Latest Alzheimer's News
Eating more berries and drinking tea may help slow mental decline as you age, new research suggests.
In a study of more than 900 adults, researchers found that foods like these -- containing antioxidant flavonols -- delivered brain benefits to older adults. Flavonols are found in fruits like berries, green leafy vegetables, tea and wine.
For example, people who ate a serving of leafy green vegetables a day slowed their rate of cognitive decline by about 32%, compared with people who didn't eat any foods with flavonols, said lead researcher Dr. Thomas Holland, an instructor of internal medicine at Rush University Medical Center in Chicago.
"Flavonols are both anti-inflammatories and antioxidants," he said. "These foods that contain flavonols destroy free radicals and prevent cell damage. They prevent cell damage in the brain as well as in other organs, such as the heart and vascular system, kidneys, liver, etc."
For the study, Holland's team collected data on 961 adults, average age 81, who did not have dementia. Over an average of seven years, participants completed yearly questionnaires about their diet and took cognitive and memory tests. The tests involved remembering lists of words, recalling numbers and putting them in the correct order.
Holland cautioned that the study shows an association between higher amounts of flavonols and slower cognitive decline but cannot prove a direct cause-and-effect relationship. Also, people's recollections of what they ate might not have been completely accurate.
The researchers found that people who ate the most flavonols, about 15 mg a day (equivalent to about 1 cup of dark leafy greens), had slower memory decline, compared with those who consumed the least, about 5 mg a day. This association remained after taking into account age, sex and smoking.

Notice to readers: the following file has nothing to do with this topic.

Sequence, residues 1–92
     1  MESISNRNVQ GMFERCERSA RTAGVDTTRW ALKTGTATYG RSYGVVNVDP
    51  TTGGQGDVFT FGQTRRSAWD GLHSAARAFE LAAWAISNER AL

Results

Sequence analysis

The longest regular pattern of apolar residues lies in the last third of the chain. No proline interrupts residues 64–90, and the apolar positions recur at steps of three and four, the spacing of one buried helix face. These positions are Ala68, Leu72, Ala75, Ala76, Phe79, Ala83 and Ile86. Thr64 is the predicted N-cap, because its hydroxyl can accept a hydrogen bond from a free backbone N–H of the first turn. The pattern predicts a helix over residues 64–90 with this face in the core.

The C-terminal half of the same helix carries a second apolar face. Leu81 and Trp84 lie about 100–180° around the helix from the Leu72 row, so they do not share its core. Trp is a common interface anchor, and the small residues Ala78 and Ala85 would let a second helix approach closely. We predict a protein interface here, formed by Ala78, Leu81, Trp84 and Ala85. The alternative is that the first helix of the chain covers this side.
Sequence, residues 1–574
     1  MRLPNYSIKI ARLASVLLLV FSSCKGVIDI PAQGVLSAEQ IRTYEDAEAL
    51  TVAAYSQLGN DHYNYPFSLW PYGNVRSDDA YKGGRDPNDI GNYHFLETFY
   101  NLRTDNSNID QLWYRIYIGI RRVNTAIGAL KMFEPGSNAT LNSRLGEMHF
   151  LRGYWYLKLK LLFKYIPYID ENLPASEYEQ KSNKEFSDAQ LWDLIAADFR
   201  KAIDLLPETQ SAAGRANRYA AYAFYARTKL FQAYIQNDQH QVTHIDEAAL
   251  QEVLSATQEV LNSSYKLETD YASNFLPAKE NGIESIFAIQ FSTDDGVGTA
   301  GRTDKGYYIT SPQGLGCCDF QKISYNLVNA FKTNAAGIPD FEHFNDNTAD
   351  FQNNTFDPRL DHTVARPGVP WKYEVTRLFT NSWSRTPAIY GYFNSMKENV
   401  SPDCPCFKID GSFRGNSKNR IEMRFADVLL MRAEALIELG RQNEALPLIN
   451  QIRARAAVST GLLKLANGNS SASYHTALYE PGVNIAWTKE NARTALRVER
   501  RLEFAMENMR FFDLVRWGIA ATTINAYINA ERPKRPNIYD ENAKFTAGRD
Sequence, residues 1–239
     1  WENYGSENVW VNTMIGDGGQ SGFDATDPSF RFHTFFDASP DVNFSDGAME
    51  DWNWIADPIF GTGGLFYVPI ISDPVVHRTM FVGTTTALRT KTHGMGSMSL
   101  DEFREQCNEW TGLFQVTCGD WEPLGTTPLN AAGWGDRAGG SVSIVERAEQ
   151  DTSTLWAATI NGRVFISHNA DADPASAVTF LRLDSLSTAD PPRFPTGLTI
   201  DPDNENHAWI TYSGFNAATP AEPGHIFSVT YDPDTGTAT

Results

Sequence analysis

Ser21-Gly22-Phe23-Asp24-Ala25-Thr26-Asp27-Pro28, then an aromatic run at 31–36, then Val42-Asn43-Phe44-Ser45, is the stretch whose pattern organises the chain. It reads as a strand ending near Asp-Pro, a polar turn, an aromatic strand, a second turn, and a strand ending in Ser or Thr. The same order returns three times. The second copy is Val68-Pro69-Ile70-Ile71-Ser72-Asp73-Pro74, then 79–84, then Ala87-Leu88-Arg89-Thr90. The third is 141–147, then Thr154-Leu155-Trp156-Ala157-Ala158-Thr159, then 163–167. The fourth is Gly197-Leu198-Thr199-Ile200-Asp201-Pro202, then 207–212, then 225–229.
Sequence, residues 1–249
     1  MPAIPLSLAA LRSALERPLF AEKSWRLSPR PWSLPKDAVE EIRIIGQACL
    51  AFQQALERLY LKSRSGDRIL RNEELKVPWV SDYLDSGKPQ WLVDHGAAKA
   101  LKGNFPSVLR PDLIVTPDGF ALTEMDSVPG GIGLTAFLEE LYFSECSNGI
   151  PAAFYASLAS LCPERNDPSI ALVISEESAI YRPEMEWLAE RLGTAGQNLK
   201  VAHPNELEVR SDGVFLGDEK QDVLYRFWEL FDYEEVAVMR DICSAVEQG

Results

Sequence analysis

The foods that contributed most to slowing mental decline included kale, beans, tea, spinach, broccoli, tomatoes, apples, tea, wine, oranges, pears, olive oil and tomato sauce, the researchers said.
"Plant foods contain a treasure trove of powerful nutrients that offer significant health benefits," said Samantha Heller, a senior clinical nutritionist at NYU Langone Health in New York City.
Flavonoids are just one family of over 5,000 compounds found in plants. "Included in this family are a subgroup called flavonols," she noted.
This study focused on the flavonol content in people's diets and its relationship with cognitive health, but we do not sit down and have a plate of flavonols for breakfast, said Heller, who had no role in the study.
"We eat foods that contain an array of phytonutrients [healthy plant compounds], such as fiber, vitamins, minerals and plant chemicals, such as flavonols. These phytonutrients work together synergistically, as a team, and this is what boosts the health benefits we derive by eating them," she said.
These elements interact with each other in many biological processes -- for example, reducing inflammation, supporting the immune system, protecting and repairing cells, and reducing oxidative stress, Heller said.
She stressed that one element in the diet is probably not a magic path to a long and healthy life.
"Perhaps the people in this study who ate a more plant-based diet saw the greatest cognitive benefits, but this was not assessed. Research suggests that shifting to eating more legumes, vegetables, fruits, nuts and whole grains helps us live longer, healthier lives," Heller said.
Holland agreed that flavonols alone aren't going to keep mental decline at bay. The best path to maintaining physical and mental health, he said, includes a healthy lifestyle complete with a diverse diet of fruits and vegetables, physical activity and cognitive training -- challenging yourself each day with learning something new.
The report was published online Nov. 22 in the journal Neurology.
For more on flavonols, see the American Heart Association.
SOURCES: Thomas Holland, MD, instructor, Department of Internal Medicine, Rush University Medical Center, Chicago; Samantha Heller, MS, RD, CDN, senior clinical nutritionist, NYU Langone Health, New York City; Neurology, Nov. 22, 2022, online
Copyright © 2022 HealthDay. All rights reserved.
Health Solutions From Our Sponsors